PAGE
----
Tom Southam

The travelling salesman

Tom Southam

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I stumbled through a
Greek restaurant the other night, in search of a bathroom to relieve the
pressure that the mounting beers had begun to apply to my bladder.

After finally
translating the waitress's hand gestures and passing through the the cavernous
and sweaty expanse of kitchens to my destination, I found another part of the
puzzle of my cycling career, in the least likely of places.

As I focused down on
the toilet, something caught my eye on the cistern. A logo, a brand name, that
was all too familiar, yet in this setting seemingly completely out of context.

I had been so used to
the distinctly European blue and white VALSIR logo being emblazoned across my
chest, legs, backside and track-mitts during the 2005 season that I was
instantly taken aback. It felt like someone had written a note here
specifically for me to discover.

As my slightly blunted
mind refocused, it then dawned on me, in the toilets of my girlfriend's uncle's
restaurant on the Greek island of Limnos, that back in '05, in what was close
to the peak of my physical prowess, I had been a rolling, sweating, pedalling,
panting advertisement for cisterns and other such items essential to plumbing.
That made me smile.

I have always been
fascinated by the fact that trade team cycling team jerseys, despite looking so
visually appealing, are in fact merely advertising placards, every single
stitch of them.  They are woven around
the idea of making someone who rides a bike into a corporate logo - there is
nothing more to it.

I personally think
that is fine, I think sponsors should get their kick-backs from the fans of the
sport their money helps keep alive. It is the deal that cycling made from the
very beginning.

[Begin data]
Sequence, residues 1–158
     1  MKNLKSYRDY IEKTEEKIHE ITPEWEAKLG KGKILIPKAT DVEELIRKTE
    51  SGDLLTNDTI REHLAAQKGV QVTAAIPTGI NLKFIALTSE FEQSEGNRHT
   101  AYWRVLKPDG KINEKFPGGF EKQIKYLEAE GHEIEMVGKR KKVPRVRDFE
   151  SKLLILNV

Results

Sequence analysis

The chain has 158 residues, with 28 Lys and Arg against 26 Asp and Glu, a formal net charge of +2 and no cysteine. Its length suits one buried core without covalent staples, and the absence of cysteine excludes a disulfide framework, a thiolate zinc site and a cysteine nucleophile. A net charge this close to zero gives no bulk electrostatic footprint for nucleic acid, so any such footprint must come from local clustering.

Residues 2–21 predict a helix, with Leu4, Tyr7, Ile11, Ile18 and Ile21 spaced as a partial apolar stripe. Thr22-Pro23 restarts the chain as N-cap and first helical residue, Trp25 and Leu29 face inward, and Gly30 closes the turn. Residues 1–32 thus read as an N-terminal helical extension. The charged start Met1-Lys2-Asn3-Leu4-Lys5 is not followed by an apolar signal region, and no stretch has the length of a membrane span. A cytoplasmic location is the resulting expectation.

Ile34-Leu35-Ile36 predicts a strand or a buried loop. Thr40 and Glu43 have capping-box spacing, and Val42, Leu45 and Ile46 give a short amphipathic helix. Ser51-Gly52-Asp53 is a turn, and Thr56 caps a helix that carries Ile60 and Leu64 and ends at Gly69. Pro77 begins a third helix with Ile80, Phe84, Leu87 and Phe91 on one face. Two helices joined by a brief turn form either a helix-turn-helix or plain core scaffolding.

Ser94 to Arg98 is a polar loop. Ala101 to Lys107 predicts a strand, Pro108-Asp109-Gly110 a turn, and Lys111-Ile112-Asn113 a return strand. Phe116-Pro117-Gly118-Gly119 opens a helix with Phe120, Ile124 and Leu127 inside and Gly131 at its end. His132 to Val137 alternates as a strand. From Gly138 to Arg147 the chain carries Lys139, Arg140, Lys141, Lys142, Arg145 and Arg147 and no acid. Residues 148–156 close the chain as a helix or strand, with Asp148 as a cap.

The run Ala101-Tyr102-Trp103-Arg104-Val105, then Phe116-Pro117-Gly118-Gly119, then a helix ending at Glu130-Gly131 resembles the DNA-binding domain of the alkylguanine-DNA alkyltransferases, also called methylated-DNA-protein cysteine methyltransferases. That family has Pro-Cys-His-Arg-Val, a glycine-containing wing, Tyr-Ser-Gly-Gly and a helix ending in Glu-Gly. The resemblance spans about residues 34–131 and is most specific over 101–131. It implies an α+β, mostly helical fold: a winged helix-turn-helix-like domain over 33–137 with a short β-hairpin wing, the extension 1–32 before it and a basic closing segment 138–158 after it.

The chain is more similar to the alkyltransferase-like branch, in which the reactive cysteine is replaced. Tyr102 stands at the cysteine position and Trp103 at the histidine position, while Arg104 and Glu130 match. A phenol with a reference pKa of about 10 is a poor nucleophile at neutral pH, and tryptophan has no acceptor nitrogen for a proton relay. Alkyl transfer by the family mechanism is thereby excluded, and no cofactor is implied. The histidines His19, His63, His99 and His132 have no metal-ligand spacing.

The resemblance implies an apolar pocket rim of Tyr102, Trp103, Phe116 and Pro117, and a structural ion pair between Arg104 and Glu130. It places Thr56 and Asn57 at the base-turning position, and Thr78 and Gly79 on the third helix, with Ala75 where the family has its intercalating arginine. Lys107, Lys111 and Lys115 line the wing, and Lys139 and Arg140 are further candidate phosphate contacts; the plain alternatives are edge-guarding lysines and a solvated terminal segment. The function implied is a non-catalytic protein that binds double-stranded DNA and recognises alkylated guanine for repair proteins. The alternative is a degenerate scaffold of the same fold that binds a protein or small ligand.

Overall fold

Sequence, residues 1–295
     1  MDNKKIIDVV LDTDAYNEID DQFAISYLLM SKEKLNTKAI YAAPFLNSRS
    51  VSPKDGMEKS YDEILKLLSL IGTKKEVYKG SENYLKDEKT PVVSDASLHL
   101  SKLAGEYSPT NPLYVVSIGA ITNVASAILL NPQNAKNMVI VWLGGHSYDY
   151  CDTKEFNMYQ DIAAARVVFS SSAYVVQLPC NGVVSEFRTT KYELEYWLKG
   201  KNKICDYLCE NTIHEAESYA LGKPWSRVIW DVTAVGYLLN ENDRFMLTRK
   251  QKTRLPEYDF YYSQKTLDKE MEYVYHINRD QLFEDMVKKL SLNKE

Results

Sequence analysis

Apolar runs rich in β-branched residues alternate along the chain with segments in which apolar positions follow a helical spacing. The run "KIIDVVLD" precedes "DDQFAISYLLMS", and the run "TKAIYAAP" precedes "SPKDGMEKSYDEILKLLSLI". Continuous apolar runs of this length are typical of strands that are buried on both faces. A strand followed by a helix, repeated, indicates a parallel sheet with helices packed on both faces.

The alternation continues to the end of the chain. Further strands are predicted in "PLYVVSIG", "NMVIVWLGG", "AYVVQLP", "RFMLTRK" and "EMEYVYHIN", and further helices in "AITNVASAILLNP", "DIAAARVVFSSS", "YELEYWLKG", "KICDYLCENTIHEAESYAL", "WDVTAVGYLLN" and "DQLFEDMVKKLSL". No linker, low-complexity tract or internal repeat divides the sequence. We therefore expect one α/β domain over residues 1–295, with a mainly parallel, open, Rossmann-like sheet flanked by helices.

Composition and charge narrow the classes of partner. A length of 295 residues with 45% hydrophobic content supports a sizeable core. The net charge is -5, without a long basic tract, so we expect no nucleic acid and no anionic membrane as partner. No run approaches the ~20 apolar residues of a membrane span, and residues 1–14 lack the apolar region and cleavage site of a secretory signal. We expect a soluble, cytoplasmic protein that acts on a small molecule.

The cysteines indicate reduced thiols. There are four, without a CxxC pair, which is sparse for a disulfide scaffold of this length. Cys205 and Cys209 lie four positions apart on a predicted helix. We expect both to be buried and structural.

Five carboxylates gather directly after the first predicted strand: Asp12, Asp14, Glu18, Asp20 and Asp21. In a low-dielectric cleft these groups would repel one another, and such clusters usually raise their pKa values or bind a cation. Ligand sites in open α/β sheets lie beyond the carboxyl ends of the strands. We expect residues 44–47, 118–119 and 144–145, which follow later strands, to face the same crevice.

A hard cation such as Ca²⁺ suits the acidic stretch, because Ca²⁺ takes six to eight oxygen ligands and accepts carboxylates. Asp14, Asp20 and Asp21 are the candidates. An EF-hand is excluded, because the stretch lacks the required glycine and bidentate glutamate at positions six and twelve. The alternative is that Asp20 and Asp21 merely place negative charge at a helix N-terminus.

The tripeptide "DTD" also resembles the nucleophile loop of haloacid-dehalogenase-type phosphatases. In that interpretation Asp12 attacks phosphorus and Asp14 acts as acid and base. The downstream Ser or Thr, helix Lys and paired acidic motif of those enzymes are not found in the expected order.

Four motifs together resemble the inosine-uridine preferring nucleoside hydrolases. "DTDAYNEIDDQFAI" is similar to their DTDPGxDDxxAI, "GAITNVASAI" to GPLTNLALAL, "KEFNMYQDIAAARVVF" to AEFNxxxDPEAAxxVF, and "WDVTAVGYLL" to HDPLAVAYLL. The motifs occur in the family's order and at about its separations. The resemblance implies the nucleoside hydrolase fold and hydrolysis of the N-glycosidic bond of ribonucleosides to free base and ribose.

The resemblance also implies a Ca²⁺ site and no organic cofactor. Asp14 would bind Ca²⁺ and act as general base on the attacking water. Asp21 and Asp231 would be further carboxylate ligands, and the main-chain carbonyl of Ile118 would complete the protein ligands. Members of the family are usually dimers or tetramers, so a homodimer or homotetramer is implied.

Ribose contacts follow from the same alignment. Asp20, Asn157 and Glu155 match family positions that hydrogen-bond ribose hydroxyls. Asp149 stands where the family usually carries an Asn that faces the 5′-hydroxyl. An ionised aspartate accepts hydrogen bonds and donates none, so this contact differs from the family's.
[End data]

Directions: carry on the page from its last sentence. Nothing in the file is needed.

But there is also the
fact that for many years, in a much less globalised world a lot of the sponsors
themselves remained little more than a mysterious and often exotic European
name. They were faceless, stateless and it didn't matter. The cold hard facts
of concrete, flooring or insurance don't really spring to mind when you think
of the greats, but they were there.

In 2005 I rode for the
Barloworld-Valsir (and in Italy for the record Valsir-Barloworld) pro cycling
team. There was a curious arrangement to this set-up that involved us changing
jerseys every time we went to a different country (not too uncommon in cycling)
and the fact that Valsir only actually sponsored one rider.

Valsir had remained a
mystery to me because (it was rumoured) they were the personal sponsors of
former World Road Race Champion Igor Astarloa. They paid him his million-euro
salary in return for naming rights to the team, and the team got one pretty hot
property when it came to turning pedals. A nice arrangement for all involved,
apart from the fact that they forgot to tell us just what they did.

Many sponsors will
astutely go to the trouble of having a few pre-season seminars extolling the
virtues of their products to the riders. That way the riders would never be
caught short in an interview, nor miss an opportunity to sell the product we
were brandishing about Europe: We - the travelling salesmen of the sporting

So it was not simply
the relief of the call of nature and the moment's respite from listening to
rapid-fire Greek conversations at the table that made this toilet stop so
successful, but I had also pieced together a bit of my own history.

I know that I could so
easily have found this out years ago by just looking it up, or asking someone a
bit more informed than a shrugging fellow rider, but it was much more
satisfying to work it out this way.

This way, I also of
course got to see the product that I had lent my name, face and image to in
action. I can now tell you, perhaps a few years after the fact, that Valsir do
indeed make very fine cisterns. I thoroughly recommend them.

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